Every summer the family and I venture up from Virginia to the Jersey Shore – Ocean City, to be precise – for our annual Beach Week vacation.
I both love and hate this week. I love it because it’s fun to see family. It’s delightful to swish my toes in the sand. It’s exhilarating to go to Atlantic City and play the slots, even though I lose. Every time. And it’s scrumptious to devour all the food treats available at the shore, such as pizza, crumb cake, frozen yogurt, and more.
Which is also why I hate the shore. Because I love to eat, and it shows. I am not a small person. So walking on the boardwalk in the hot sun is not always appealing. Watching all the thin, beautiful people looking so relaxed and at ease in their bathing suits inspires jealousy. And having to put on said bathing suit and appear at the beach is positively disheartening.
I thought of all of that as I stared out at the ocean last week. I thought of all that, of all the reasons I felt uncomfortable in my body at that very moment, and then looked out at the sea again. Really looked. The sea is huge. It is immense. And next to it, I am a tiny blip. Tiny. The sea is vast. The sea is powerful. And next to it, I and my body – and all my worries, all my anxiety, all my fears – are nothing. How wonderfully freeing is that?
I stood there, soaking in the sight of the waves bashing against the shore, the sounds of the seagulls chattering over the roar of the ocean, the smell of the sand and the water and the sea life and whatever else mixes together to create that unmistakable shore scent, the feel of the sand and water on my toes… and I thought about writing. About how I really am just a grain of sand. I’m just a single drop of water in an ocean of people creating stories and trying to get them published. My words, as much as I agonize over them, are no more than the little tiny clam working its way back down into the sand after being unearthed by the water – or a child. What he’s doing is important to him, but he’s so small compared to all the clams in all the world in all the beaches digging at that very moment. What I’m doing is important to me. It’s worth doing. But I can let go of the anxiety about it. Even were my words the size of whales, they would still just be a small part of a very large whole.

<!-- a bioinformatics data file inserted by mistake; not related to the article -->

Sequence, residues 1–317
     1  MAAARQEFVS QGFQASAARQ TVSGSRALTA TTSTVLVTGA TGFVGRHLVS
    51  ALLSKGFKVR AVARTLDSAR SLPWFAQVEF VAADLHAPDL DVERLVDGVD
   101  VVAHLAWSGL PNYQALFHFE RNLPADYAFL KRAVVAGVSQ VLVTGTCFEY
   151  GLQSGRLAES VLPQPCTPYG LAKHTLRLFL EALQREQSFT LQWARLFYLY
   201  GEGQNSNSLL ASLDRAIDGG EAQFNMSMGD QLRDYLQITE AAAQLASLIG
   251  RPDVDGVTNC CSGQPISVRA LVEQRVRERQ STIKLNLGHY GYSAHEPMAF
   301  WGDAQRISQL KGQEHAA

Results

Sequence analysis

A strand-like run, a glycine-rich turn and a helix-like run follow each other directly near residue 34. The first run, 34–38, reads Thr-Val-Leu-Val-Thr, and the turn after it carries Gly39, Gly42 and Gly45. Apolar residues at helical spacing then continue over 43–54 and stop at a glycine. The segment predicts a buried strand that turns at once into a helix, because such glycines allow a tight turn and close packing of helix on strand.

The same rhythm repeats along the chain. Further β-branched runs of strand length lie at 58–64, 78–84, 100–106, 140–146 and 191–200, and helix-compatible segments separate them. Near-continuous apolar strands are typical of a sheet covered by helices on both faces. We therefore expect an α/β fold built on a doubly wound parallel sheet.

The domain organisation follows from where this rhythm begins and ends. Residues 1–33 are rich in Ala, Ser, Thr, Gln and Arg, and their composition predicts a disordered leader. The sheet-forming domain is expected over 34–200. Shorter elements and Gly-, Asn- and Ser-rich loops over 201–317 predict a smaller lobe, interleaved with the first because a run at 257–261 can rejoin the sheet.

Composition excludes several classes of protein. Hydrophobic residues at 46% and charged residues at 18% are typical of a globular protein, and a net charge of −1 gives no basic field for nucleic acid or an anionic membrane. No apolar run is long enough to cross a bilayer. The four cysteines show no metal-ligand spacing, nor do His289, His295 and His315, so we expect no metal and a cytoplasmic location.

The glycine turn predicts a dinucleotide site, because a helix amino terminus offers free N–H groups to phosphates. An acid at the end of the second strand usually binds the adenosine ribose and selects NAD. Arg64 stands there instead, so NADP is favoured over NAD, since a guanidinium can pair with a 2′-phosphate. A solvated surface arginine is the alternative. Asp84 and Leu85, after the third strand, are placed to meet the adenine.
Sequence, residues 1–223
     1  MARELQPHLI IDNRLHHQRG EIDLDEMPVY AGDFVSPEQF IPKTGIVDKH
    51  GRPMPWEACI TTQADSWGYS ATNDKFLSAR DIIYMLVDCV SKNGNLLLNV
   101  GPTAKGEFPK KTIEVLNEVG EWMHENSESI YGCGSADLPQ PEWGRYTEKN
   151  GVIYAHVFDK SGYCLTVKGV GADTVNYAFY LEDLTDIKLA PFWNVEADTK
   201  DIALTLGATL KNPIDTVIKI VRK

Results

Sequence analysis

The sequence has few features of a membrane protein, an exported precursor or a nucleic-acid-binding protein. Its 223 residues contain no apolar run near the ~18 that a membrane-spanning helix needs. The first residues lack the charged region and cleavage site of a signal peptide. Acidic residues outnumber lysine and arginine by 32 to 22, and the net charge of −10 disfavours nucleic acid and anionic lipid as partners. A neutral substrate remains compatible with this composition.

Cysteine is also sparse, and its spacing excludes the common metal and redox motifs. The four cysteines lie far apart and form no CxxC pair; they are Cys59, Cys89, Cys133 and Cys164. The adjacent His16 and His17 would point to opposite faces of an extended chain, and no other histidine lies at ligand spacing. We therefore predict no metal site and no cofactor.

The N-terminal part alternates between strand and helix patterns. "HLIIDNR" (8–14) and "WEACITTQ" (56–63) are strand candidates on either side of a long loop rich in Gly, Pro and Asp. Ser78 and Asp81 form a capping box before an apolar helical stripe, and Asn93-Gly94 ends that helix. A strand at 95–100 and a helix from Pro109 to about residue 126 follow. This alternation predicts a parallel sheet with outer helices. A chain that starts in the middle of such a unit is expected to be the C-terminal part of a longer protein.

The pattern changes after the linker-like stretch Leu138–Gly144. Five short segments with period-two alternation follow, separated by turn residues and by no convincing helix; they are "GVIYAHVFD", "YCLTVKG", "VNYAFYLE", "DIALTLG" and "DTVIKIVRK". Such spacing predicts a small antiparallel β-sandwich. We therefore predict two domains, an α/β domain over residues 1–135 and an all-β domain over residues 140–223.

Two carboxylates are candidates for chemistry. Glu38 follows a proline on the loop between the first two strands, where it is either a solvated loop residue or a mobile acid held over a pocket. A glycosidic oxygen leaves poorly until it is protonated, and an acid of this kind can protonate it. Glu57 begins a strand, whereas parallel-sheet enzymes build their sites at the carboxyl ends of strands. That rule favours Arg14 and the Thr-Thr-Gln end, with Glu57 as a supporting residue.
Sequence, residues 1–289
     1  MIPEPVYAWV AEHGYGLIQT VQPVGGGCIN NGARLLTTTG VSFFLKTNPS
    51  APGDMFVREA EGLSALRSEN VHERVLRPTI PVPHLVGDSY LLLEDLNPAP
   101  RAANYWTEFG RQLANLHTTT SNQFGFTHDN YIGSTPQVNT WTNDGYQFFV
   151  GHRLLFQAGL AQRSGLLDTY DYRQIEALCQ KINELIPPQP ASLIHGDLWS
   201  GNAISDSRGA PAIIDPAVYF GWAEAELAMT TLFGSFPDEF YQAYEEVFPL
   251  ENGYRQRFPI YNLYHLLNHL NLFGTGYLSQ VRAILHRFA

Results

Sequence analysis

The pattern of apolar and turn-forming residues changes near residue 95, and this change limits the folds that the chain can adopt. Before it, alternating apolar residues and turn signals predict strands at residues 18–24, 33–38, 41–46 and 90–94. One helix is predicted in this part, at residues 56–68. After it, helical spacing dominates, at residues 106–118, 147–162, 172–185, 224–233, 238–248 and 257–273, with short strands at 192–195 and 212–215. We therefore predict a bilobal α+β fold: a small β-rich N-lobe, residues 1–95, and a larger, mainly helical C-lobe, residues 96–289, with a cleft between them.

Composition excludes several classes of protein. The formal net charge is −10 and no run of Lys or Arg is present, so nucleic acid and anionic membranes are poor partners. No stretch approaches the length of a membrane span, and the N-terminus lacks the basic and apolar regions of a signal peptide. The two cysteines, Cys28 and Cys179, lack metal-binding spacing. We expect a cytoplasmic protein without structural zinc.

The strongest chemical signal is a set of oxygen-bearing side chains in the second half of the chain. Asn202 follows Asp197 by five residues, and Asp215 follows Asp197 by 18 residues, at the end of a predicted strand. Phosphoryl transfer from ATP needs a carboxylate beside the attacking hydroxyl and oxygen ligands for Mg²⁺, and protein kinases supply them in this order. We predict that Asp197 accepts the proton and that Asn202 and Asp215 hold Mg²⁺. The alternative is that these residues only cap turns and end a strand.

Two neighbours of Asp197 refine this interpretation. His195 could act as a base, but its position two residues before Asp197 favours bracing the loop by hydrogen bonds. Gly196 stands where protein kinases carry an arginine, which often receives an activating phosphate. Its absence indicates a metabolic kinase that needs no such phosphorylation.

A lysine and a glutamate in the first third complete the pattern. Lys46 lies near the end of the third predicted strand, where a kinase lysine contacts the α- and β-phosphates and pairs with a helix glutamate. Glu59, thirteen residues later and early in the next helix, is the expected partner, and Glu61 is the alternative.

Some may see that as disheartening. I don’t. It was a well-timed reminder that in the grand scheme of things, all of my things are small. My body. My fears. My desires. My words. And because they are small, I can let go of the large fears they produce in me. I can let my writing be for me. Any time the panic and uncertainty well up, I can think back to those moments at the edge of the ocean, and the waves that pounded the shore.
Because that was the second feeling that overcame me. Smallness at first – a revelation in itself from someone who feels their body and their anxiety are often immense, all-encompassing, overwhelming, insurmountable. And then… repetition. Continuity. Consistency. Whether the tide was coming in or going out, the waves still came. Whether they were big or small, the waves still came. Whether we wanted them to (for boogie boarding) or not (for protecting sand castles), the waves still came. They persisted. They persevered. They were dependable, even when not always predictable.
That’s how I want my writing to be – dependable, even if not always predictable. Something that persists, that batters against that shore of worry and anxiety and fear and family obligations and kids’ needs and unending house chores. That keeps coming, whether I want it to or not. And I want to keep in mind as I ride those waves in my writing pursuits, whether I’m gliding in smoothly or being bowled over (as happened once this year), that even those waves are small in comparison with the huge expanse of the sea.
Thank you, ocean.